What I like about FreeBSD.



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I have been doing user and kernel level development in freebsd for sometime now. One thing I like about FreeBSD is that there is no "Hero Worship" in freebsd unlike Linux. Even though Linus torvalds is quite a terrific individual and I got motivated to do operating systems from Linux but I did notice hero worship attitude and kind of geek mentality of linux people where people try to show off how much better they are in intelligence and technical knowledge from other people. FreeBSD people seem more level headed and tend not to wear their knowledge on their sleeve.

Your thoughts welcome.



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When you're attending a coding party and a guy come and see you're running Xfce4, and say "cool you're running linux windoz sucks", you just have to say "Well no, it's FreeBSD, sorry" and the guy run away and you can focus on your work :)

just kidding :)


Aspiring Daemon

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tobe said:
When you're attending a coding party

What the heck is a coding party? Either I'm too old or not geeky enough to know about this.


Aspiring Daemon

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Oh...being that I read the demo comp and old school demo comp a few times and still have no idea what exactly the demo is...I guess I'm not geeky enough. But I'm guessing it has something to do with graphic programming...



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I used to worship Ricardo Montalban, but I guess he never wrote a driver except to say, "Thanks for the smooth ride. Also, that part of East St. Louis is very . . . interesting."


Active Member

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One of the reasons I like it is the fit-n-finish of the product.. Linux (every version I've tried) has the feel of a cobbled up pile of 'stuff' somehow glued together to work in some fashion.. While it does work and can be stable (I ran FedoraCore 6 for ~3-4 years with very high up-times), FreeBSD shines specifically in the following areas :

  1. Package system - FC6 used 'yum' which stinks IMHO -- slow clunky, etc. The FreeBSD stuff allows you to build locally or get a prebuilt package with the latest security fixes applied. This is doubly true for dependencies.. I installed Gnome2 the other night without already having X11 installed -- sure it took a while to load all of the dependencies but it WORKED!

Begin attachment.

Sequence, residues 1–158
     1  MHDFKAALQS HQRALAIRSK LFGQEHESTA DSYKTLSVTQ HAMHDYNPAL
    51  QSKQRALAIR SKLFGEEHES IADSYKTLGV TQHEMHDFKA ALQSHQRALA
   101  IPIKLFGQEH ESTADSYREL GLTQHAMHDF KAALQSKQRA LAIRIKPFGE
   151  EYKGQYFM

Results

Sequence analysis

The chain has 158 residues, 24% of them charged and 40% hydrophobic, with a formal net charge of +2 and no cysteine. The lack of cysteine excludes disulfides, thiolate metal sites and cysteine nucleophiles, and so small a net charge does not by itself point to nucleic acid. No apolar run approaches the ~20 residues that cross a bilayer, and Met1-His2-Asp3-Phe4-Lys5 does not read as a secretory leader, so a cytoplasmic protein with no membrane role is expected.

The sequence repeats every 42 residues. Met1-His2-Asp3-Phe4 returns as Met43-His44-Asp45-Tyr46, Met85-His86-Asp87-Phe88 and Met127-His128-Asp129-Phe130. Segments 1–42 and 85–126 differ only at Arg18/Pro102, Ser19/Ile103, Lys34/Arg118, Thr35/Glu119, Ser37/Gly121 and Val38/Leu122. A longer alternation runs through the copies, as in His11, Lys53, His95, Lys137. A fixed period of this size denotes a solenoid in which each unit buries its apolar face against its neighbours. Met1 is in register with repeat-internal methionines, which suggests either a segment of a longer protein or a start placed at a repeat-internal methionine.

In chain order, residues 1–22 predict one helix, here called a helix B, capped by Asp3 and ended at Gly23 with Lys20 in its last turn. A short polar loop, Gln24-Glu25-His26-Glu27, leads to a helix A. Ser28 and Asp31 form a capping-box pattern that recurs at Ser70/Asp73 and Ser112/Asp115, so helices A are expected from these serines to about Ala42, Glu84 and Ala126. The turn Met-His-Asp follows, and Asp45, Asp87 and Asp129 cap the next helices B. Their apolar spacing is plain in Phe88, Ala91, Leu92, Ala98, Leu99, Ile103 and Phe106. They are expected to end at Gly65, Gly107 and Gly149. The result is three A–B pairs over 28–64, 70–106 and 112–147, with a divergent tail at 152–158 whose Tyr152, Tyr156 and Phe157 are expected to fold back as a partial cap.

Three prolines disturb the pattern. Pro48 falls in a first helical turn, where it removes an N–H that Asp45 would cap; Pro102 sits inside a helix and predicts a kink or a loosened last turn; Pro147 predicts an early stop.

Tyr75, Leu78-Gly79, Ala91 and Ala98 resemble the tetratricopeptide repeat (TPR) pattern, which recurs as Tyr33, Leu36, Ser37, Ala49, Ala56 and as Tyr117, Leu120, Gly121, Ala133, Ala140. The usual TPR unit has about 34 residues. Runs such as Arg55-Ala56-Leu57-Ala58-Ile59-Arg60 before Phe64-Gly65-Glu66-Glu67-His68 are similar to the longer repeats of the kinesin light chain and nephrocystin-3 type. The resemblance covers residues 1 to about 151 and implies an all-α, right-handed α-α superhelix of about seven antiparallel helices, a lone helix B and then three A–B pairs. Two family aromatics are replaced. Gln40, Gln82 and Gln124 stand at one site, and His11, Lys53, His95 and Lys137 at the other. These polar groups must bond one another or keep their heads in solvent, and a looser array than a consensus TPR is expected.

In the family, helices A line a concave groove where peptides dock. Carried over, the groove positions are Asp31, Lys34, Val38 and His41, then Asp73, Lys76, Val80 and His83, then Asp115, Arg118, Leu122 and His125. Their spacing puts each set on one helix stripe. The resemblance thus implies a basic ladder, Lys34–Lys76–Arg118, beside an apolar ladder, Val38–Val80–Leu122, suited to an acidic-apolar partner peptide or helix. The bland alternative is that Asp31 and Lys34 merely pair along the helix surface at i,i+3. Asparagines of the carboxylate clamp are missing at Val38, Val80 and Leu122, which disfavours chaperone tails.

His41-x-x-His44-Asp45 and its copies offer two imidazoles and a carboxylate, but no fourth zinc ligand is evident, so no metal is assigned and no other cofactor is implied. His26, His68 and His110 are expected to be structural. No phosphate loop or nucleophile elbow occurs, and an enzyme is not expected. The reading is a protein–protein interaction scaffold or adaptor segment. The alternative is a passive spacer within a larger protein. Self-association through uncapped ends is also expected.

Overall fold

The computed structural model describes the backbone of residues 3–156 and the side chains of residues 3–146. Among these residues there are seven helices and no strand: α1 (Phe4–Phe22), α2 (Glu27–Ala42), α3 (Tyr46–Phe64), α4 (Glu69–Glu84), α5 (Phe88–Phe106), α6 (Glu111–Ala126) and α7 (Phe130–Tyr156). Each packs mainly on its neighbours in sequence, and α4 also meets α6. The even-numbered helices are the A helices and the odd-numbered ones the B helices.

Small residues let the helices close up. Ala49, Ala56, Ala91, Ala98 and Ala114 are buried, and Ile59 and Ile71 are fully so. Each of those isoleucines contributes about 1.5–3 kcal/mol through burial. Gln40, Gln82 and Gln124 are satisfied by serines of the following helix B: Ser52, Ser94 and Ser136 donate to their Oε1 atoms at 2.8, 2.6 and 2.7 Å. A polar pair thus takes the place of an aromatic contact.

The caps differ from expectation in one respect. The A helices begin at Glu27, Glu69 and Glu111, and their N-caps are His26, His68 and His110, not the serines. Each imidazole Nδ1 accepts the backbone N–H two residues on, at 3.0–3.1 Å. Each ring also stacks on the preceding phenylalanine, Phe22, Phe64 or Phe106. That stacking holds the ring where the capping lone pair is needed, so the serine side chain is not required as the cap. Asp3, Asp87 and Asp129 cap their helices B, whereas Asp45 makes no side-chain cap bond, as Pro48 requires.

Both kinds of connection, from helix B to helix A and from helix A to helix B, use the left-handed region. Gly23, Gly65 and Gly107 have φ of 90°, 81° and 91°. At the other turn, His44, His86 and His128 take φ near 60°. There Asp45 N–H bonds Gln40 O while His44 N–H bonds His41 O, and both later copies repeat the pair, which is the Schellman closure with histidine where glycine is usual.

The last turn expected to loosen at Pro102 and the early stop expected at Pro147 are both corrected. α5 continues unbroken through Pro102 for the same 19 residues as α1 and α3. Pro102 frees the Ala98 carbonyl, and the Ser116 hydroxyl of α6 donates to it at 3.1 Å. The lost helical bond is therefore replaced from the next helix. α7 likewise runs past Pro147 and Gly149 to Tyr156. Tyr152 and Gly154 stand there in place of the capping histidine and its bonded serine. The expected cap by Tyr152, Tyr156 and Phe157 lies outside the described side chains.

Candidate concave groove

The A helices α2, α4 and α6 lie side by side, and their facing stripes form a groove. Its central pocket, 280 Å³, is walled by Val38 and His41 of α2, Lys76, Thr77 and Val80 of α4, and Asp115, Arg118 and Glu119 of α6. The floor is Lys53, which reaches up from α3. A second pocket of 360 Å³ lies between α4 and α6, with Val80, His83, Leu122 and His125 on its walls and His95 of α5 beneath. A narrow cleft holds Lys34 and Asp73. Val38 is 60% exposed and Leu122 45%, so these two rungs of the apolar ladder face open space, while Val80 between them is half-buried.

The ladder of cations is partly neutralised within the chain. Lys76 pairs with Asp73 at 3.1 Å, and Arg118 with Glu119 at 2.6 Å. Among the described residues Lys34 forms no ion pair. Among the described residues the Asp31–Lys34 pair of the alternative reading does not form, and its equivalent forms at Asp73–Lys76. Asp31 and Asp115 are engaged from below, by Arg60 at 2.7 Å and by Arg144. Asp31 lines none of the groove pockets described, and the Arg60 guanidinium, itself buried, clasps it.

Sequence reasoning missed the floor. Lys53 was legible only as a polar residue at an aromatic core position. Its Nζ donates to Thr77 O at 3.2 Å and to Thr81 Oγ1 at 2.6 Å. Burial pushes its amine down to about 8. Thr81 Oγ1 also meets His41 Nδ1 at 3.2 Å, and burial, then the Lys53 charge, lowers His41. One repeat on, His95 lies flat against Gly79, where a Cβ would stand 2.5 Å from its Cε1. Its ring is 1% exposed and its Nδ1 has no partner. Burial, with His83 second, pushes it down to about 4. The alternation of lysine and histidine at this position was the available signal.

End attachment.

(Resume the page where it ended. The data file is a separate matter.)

2. coherency in the installation of packages -- if something is not part of the base it usually lives in /usr/local. In FC6 (and most other Linux variants) each RPM would install wherever the package maintainer wanted it to which led to stuff being all over the place
  3. Jails -- Jails are very slick! They do have limitations such as not really supporting some things like multiple PostgreSQL installations (IPC issues abound)
  4. What appears to be a better thought out security model than what I was using in FC6 (SELinux) which was difficult to understand let alone make function properly
  5. File system snapshots -- EXTREMELY SLICK!!! We use big $$$$ NetApp appliances at work to hold multi terrabyte disk farms and the NetApps have ".snapshot" hidden directories everywhere and inside are hourly/nightly snapshots of that directory's contents.. This feature is indispensable if you ever accidentally nuke something. Having something like this in FreeBSD is super slick! I've not yet set this up but it sounds about as close as you can get to what the big $$ Netapps do..
  6. Oh yeah -- packages that just work.. The amount of wasted time spent trying to get Linux packages installed and functioning was all over the map -- some were easy some not so much. The FreeBSD stuff seems to behave fine from the get-go as you'd expect from a more polished product.

I think that's about it for now..


Staff member

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osx-addict said:
Linux (every version I've tried) has the feel of a cobbled up pile of 'stuff' somehow glued together to work in some fashion..
That's the exact reason why I never liked anything linux. Linux is a kernel and a collection of tools and libraries, nothing more. There's no such thing as a Linux OS.